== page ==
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Sunday, October 20, 2013

FERTILITY SERVICES IN NIGERIA: WHERE IS THE REGULATION?



At an informal chat in our Consultants' Lounge at my place of work, a senior colleague warned me to beware of special interests entrenched in the fertility services in Nigeria when the issue of ethical practice, policies and regulations came up for some critical discuss. These clinics are springing up in major cities in Nigeria, and the whole thing is becoming a multi-billion naira black market business scooping the desperation of couples and other persons who want to have children at any cost, literally. However, there appears not to be any existing legislature regulating this practice in Nigeria, and I am not aware of any existing policy by any medical specialties or government board in the country stipulating procedures in fertility services. Please anyone who knows of any existing regulation could bring it to attention.
The resultant effect is all manner of media advertisements and claims for fertility "guarantee" by all shades of centres parading as fertility clinics and now young men are sought to sell sperms in circumstances that present grave danger to public interest and may bring about a whole new unintended genetic consequences and ethical dilemma. The report in Punch newspapers on how selling sperm has become a street business in the city calls for urgent intervention.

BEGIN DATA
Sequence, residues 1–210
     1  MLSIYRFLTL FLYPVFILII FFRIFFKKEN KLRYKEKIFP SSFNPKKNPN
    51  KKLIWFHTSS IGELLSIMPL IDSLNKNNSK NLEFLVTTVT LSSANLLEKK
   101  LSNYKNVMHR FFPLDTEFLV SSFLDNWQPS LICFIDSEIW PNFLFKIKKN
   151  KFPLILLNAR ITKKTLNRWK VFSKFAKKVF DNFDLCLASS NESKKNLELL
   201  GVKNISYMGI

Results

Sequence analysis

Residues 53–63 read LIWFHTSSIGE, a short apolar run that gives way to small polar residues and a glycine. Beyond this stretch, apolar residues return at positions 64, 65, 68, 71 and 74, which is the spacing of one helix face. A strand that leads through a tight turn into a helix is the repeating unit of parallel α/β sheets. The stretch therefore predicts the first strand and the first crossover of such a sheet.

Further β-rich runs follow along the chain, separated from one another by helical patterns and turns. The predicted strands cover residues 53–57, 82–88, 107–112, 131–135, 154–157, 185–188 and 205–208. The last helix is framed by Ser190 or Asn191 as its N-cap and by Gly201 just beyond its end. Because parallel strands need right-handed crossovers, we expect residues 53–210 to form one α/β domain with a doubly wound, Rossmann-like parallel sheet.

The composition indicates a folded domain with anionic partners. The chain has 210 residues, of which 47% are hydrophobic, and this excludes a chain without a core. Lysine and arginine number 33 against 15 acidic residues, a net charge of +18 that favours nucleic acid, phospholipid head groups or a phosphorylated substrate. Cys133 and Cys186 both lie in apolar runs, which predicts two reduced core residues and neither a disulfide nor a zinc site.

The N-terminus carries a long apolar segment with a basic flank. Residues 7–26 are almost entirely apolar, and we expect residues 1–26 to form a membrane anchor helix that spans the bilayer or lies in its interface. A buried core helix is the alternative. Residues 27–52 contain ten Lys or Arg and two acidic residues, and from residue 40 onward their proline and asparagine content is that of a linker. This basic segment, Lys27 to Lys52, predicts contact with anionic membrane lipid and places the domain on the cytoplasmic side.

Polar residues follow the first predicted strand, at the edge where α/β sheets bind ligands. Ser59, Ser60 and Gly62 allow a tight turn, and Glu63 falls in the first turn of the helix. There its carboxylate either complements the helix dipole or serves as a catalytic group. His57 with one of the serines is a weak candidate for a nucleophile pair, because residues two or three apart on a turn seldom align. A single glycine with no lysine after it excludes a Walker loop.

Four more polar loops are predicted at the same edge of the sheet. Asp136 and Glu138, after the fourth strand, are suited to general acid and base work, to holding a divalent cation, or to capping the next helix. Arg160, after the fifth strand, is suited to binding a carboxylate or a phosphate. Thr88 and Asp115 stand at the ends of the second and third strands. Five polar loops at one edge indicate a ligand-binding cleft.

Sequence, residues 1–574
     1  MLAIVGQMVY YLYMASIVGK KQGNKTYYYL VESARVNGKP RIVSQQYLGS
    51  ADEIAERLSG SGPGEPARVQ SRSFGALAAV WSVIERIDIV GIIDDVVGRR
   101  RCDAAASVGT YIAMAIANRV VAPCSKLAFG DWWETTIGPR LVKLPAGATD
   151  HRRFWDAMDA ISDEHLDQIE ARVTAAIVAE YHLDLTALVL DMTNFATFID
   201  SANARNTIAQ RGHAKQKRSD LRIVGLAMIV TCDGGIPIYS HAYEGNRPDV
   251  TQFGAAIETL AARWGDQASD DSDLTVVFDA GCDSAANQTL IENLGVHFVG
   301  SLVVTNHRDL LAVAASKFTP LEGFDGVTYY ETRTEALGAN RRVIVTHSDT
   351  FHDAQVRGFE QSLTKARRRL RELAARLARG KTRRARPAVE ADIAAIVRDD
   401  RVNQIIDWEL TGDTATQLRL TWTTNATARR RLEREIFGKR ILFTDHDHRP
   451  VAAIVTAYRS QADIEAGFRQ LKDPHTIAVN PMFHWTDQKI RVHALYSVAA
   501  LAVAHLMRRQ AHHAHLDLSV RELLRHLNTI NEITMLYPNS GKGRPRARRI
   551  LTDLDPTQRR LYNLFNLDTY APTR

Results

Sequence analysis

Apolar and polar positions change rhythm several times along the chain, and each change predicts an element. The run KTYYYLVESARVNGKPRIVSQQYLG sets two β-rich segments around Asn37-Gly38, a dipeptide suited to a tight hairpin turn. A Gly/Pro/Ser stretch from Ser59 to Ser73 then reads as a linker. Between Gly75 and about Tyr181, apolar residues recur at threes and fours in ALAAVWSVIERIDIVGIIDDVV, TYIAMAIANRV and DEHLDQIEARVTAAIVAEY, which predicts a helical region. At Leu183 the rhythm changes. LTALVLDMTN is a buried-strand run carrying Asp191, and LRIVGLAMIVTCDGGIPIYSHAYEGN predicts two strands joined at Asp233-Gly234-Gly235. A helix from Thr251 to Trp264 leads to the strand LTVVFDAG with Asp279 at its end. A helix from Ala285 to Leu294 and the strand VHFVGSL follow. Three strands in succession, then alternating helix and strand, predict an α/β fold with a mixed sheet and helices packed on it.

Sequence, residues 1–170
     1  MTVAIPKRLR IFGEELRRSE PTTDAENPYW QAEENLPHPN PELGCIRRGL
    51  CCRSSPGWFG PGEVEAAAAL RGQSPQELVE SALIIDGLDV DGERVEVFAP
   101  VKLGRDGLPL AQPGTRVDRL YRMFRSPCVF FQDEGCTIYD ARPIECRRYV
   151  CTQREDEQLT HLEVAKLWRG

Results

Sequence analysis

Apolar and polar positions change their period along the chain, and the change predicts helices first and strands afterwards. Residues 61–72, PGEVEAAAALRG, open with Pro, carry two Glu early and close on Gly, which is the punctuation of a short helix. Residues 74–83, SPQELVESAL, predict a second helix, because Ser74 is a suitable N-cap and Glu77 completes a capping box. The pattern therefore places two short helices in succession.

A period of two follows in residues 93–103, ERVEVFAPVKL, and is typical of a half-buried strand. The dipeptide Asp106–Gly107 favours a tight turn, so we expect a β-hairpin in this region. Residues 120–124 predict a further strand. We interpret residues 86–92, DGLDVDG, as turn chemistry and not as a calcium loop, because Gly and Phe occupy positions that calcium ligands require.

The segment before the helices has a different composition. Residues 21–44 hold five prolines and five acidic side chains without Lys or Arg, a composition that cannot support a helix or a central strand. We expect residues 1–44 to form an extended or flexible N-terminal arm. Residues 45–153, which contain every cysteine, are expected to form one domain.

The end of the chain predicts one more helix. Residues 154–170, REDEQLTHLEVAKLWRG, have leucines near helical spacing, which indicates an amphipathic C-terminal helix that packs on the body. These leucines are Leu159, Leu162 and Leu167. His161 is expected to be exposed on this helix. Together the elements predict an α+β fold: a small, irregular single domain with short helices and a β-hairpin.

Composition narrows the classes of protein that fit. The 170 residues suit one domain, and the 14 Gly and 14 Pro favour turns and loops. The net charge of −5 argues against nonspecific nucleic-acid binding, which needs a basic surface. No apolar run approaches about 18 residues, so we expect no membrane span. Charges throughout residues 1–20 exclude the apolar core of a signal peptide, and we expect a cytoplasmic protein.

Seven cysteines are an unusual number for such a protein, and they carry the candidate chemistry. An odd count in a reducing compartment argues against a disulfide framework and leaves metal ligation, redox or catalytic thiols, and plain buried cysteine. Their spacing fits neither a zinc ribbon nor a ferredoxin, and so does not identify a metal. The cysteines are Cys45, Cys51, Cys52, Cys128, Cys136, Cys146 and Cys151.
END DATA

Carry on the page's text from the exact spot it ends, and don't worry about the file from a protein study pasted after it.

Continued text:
Since these sperms are stored in a bank and since sperms are tissues and sperm banks are tissues banks, which is the regulatory body at the national or state levels? Who assesses the quality of laboratory procedures carried out at the sperm banks in Nigeria? Who evaluates, for public interest, the ethical policies used in accessing sperms from the donors? Who monitors and ensures the rights of both the clients of fertility clinics and the sperm donors are protected? Apart from testing for infections such as hepatitis and HIV, do these banks also test for genetic diseases and which ones? Who ensures that the screening is thorough and in line with standard of practice? Has anyone reviewed the policies and procedures of sperm banks to ensure they align with best practice, safety and ethical imperatives? What are the measures put in place to track, monitor and evaluate each semen donor and their specimens to avert abuse of process and assure safety for individuals and the larger society? 
Feeding off on the desperation of childless couples and largely uniformed donors, who are only concerned about the economic benefit in a harsh socioeconomic reality, sounds like exploitation and corruption.